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Facing resistance, Biden reaches out to GOP governors in attempt at bipartisanship

President Joe Biden closes the folder after signing an executive order relating to U.S. supply chains, in the State Dining Room of the White House, Wednesday, Feb. 24, 2021, in Washington. (AP Photo/Evan Vucci)

WASHINGTON - President Joe Biden called Alabama Gov. Kay Ivey on her iPhone hours after she toured the site of a tornado that killed a 14-year-old boy in her state. Biden almost instantly signed disaster declarations sought by Govs. Greg Abbott of Texas and Kevin Stitt of Oklahoma. He invited Arkansas Gov. Asa Hutchinson to the White House to discuss the coronavirus pandemic.

All are Republicans. None are from states Biden came close to winning.

In his first five weeks in office, Biden is spending as much time - if not more - courting Republican governors as he is wooing the senators he needs to pass legislation. It is part of a strategy that lays the groundwork to make something of an end-run around Republicans in Congress, who may be resistant to his ideas, as he looks for outside-the-Beltway allies who might help him make good on his promises of bipartisanship.

In some cases, Biden and his administration have leaned on state Republican officials to support his policies, including a $1.9 trillion coronavirus relief bill that includes $350 billion in funding for cities and states. In other instances, he has opened a more general dialogue, picking up the phone to offer help after a disaster or to engage longtime friends.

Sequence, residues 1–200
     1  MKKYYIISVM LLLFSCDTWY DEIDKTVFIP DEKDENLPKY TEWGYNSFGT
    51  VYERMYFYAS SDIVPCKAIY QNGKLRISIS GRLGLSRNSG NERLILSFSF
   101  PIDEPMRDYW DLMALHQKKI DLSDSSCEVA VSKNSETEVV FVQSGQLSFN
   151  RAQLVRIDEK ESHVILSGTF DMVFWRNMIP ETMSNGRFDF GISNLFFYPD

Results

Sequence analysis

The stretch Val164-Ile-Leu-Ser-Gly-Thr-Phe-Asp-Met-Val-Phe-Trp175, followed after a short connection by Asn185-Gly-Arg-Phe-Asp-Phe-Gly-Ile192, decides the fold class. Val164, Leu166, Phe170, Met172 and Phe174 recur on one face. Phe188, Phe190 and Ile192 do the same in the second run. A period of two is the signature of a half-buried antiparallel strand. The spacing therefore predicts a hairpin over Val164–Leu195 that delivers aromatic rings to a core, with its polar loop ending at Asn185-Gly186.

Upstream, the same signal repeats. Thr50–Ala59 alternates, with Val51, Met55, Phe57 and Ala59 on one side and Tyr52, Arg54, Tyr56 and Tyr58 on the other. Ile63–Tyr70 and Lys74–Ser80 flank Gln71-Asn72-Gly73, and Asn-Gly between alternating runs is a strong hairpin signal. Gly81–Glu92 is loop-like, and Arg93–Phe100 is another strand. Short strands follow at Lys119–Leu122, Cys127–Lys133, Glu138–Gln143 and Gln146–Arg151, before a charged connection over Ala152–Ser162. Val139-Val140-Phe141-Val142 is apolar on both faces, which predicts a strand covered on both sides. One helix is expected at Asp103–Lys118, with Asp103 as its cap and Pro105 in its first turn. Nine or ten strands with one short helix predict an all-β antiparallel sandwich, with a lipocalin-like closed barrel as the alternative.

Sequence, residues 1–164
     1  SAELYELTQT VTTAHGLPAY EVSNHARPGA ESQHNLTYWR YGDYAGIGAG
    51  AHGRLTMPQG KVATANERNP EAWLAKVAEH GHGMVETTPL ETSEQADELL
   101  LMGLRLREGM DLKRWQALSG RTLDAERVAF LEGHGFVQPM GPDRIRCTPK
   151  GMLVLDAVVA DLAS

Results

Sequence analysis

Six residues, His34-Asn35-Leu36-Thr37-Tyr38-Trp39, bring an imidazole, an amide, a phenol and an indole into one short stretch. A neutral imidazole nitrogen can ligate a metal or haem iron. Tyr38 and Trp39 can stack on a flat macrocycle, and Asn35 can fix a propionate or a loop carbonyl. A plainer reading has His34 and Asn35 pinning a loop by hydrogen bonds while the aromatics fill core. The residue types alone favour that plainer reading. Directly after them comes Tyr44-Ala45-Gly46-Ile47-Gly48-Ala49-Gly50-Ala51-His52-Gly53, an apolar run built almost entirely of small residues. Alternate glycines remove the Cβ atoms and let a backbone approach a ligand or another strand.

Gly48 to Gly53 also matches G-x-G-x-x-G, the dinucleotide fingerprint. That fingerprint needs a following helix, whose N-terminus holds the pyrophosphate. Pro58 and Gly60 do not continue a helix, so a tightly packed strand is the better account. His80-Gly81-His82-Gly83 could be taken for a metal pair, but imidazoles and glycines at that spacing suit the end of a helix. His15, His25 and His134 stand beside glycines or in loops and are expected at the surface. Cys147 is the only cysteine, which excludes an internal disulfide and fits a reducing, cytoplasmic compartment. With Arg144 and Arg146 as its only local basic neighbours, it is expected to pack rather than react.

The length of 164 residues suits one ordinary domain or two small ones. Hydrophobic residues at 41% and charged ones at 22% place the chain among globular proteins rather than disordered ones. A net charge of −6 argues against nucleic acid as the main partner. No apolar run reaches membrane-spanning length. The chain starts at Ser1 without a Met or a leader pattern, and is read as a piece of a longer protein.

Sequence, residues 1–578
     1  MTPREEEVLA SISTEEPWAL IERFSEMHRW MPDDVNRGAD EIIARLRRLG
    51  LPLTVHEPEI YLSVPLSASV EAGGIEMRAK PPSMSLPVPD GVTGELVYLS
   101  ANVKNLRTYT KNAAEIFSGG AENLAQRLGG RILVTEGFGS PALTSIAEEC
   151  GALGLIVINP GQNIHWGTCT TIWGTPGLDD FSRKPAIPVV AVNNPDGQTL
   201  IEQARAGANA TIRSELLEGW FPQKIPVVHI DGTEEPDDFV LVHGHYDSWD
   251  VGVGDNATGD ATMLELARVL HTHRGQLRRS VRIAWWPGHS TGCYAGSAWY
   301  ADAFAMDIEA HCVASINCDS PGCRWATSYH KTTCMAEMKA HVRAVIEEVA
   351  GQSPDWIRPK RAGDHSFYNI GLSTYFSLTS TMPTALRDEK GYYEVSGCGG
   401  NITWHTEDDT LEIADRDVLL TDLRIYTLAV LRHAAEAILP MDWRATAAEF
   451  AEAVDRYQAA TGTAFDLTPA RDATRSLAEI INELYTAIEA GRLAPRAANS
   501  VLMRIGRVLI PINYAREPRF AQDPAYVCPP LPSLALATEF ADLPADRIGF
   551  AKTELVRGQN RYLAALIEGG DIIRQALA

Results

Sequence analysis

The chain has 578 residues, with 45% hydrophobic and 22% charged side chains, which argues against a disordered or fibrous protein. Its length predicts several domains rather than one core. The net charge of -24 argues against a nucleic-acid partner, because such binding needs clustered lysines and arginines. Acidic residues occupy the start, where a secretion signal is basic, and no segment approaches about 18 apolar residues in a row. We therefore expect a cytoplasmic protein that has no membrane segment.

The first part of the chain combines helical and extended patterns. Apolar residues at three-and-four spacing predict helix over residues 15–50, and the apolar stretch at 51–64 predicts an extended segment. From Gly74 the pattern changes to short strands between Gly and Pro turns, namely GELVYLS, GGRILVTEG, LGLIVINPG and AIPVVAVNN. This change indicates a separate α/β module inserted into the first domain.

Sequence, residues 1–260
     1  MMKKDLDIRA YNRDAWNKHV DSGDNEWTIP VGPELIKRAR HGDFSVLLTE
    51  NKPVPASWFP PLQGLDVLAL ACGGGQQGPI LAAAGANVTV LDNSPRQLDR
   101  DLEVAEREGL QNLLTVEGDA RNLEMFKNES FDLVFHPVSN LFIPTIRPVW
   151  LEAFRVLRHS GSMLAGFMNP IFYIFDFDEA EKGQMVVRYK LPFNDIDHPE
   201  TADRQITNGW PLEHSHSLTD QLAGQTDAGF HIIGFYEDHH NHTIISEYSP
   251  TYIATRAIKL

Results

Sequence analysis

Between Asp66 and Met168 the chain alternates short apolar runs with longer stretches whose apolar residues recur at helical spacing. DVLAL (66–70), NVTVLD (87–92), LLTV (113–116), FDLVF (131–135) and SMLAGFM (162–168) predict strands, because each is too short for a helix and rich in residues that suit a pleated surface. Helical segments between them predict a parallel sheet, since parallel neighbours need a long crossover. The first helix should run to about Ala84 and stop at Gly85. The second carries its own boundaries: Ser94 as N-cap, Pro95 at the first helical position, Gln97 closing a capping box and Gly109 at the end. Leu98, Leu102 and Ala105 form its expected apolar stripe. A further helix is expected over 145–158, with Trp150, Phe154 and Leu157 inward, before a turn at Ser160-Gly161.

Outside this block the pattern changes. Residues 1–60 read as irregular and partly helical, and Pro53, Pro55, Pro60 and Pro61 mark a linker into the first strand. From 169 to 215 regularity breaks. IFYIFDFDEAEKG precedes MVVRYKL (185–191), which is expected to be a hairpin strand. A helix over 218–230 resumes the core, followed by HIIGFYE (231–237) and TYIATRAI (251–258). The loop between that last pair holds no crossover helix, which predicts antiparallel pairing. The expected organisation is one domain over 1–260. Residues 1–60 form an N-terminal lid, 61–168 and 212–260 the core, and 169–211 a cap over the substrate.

Governors may be more pragmatic than senators, the White House believes, their desire for funding and other help from Washington making them more open to cooperation.

“They’ve reached out to us early on, even before the president took office, to just listen: ‘How do you see it in Ohio? What are you confronting?’ " said the state’s Republican governor, Mike DeWine. “That’s helpful. It’s always helpful when people listen.”

In addition, the coronavirus vaccination effort is creating natural channels for the two sides to talk. “Now what overrides everything else is the covid problem and how we get vaccine out,” DeWine said. “You find governors are very, very focused on this, and the White House is very focused on this. It’s an area where ideological differences are virtually insignificant.”

On Thursday, Biden will deliver virtual remarks to the winter meeting of the National Governors Association, continuing an outreach that in some cases includes Republican governors who resisted declaring Biden the winner of the presidential election.

Still, some GOP governors are aggravated that Biden’s White House has not given them a heads-up on energy or immigration policies that have a big impact on their states, and they bristle at the lack of personal outreach they have gotten so far. But Biden receives higher marks from many for his handling of the coronavirus response.

“There’s not a more bipartisan issue than vaccine distribution,” Hutchinson said from Arkansas, a state Biden lost by nearly 28 percentage points. “The dialogue has been consistent, it has been helpful, it has been all working together on the same team to get this project done and covid behind us.”

Hutchinson, who is vice chairman of the National Governors Association, was among a small group of governors and mayors who met with Biden at the White House this month. Although the Arkansas governor argued that Biden’s $1.9 trillion relief plan was far too costly, he said he recognizes that Biden has concluded “he wants to go big on it.”